It has been well pointed out that, despite specious attempted distinctions between immigrants and colonists, we are all immigrants or descendants of immigrants here, all except the American Indian. Edward Everett, in a classic lecture on "The Discovery and Colonization of America and Immigration to the United States," delivered in 1853, sums up our entire history as an achievement of immigrants.

It is true that some sections of our country, notably New England, frowned upon all new arrivals, English or continental, Episcopalian as well as Catholic,11 but most of the colonies and states welcomed the immigrant and realized the advantages likely to be reaped from his coming. This issue has been raised ever since the beginning of our government. Senator Maclay of Pennsylvania, in describing the debates on the naturalization bill of 1790 in the United States Senate, amusingly said: "We Pennsylvanians act as if we believed that God made of one blood all the families of the earth; but the eastern people seem to think that he made none but New England folks." James Wilson, in the Constitutional Convention of 1787 12

cited Pennsylvania as proof of the advantages of encouraging immigration. It was perhaps the youngest (except Georgia) settled on the Atlantic, yet it was at least among the foremost in population and prosperity. He remarked that almost all the general officers of the

10 See Industrial Commission Reports, vol. 15, p. 489 et seq.; and Immigration Commission Reports, vol. 41, pp. 208-9, 221-5; also Hourwich, Immigration and Labor (Putnam, 1912), pp. 61-81.

"See Proper, Colonial Immigration Laws; Fairchild, Immigration; Capen, Historical Development of the Poor Laws of Connecticut.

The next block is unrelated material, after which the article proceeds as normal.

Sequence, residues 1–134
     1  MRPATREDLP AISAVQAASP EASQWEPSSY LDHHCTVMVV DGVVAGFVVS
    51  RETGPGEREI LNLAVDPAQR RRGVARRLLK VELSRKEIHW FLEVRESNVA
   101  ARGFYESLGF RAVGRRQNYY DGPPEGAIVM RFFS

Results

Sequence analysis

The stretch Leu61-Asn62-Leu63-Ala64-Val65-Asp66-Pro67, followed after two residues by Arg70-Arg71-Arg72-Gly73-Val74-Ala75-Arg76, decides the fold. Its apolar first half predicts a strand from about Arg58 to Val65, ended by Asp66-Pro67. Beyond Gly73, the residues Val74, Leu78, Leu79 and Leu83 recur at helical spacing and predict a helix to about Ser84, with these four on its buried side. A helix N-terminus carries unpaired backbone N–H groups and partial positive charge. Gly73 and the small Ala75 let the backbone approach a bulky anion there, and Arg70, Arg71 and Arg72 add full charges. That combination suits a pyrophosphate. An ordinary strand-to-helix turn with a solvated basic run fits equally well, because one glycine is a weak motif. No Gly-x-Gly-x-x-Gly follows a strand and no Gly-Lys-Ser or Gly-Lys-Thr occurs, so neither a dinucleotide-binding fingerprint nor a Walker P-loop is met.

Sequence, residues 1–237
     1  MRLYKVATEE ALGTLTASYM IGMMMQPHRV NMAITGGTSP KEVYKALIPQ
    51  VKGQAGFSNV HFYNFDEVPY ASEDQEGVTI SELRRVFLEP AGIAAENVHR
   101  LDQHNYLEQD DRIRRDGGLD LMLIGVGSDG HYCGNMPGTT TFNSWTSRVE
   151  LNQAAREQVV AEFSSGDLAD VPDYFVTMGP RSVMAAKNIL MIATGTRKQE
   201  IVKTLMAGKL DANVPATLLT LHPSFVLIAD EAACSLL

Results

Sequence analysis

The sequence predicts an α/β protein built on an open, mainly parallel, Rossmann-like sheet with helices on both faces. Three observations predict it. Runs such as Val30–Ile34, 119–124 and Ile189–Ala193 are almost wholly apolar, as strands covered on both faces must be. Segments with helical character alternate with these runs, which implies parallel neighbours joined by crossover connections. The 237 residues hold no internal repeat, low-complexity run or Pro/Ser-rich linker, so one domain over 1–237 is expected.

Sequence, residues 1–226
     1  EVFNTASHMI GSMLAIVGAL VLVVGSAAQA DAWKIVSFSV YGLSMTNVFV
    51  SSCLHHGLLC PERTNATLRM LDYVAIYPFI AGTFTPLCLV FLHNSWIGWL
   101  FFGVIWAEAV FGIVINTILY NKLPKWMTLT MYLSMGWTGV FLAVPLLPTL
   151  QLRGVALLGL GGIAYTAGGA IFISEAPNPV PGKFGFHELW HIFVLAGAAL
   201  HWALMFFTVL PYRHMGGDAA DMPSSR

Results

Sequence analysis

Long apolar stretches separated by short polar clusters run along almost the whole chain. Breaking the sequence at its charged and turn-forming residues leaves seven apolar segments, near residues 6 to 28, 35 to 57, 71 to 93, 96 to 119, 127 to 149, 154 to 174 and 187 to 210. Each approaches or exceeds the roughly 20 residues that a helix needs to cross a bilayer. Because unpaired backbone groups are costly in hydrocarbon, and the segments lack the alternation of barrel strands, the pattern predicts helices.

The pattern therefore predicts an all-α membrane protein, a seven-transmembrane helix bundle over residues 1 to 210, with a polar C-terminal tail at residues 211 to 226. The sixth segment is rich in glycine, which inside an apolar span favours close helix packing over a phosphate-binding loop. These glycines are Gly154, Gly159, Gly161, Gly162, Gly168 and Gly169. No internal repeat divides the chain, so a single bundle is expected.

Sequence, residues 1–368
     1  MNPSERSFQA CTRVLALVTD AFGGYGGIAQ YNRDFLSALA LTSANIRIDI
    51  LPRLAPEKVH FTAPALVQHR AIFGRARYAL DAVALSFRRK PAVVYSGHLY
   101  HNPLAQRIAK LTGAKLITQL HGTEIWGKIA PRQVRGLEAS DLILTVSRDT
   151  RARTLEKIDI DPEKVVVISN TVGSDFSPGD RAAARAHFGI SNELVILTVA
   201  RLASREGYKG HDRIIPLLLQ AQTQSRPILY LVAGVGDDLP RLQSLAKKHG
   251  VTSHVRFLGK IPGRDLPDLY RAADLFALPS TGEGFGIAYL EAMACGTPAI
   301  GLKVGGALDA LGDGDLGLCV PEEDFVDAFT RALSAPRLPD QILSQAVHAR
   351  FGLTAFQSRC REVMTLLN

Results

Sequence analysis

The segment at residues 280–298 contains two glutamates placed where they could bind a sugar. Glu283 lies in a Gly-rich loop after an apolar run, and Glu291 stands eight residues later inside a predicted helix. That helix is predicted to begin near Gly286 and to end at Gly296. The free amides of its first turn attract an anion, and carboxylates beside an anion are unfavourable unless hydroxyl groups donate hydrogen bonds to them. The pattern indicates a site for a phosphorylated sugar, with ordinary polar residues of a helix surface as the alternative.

"Documentary History of the Constitution, III, p. 509. Compare James Madison's statement in the same convention: "That part of America which had encouraged them [the foreigners] most, has advanced most rapidly in population, agriculture, and the arts."

Pennsylvania line of the late army were foreigners. And no complaint has ever been made against their fidelity or merit. Three of her deputies to the convention (Robert Morris, Mr. Fitzsimmons, and himself) were not natives.

The Declaration of Independence recited, as one of the grievances of the colonies against the king, that "he has endeavored to prevent the population of these States; for that purpose obstructing the Laws of Naturalization of Foreigners; refusing to pass others to encourage their immigration hither," and in August, 1776, Congress adopted a comprehensive committee report to the same effect.

But, to return to the non-English elements of our population at the beginning of our national government and in colonial days, the extent of this immigration and the difficulties of assimilation in that day have both been greatly minimized. We had no really comprehensive study of colonial censuses until Professor F. B. Dexter published his Estimates of Population in the American Colonies, in 1887; and no basis for scientific study of race-stocks, until the returns of the first census were published in detail and analyzed in A Century of Population Growth, in 1909. As most of our early American historians were New Englanders— and in New England the immigrant was comparatively unknown until very recently-it is natural that they should have underestimated the extent and influence of foreign factors before 1881. Professor William Z. Ripley, however, writing on "Races in the United States,"13 understates rather than overstates the facts, when he says, on the authority of Bancroft's History11 that "for the entire thirteen colonies at the time of the Revolution, we have it on good authority that one fifth of the population could not speak English, and that one half at least was not Anglo-Saxon by descent."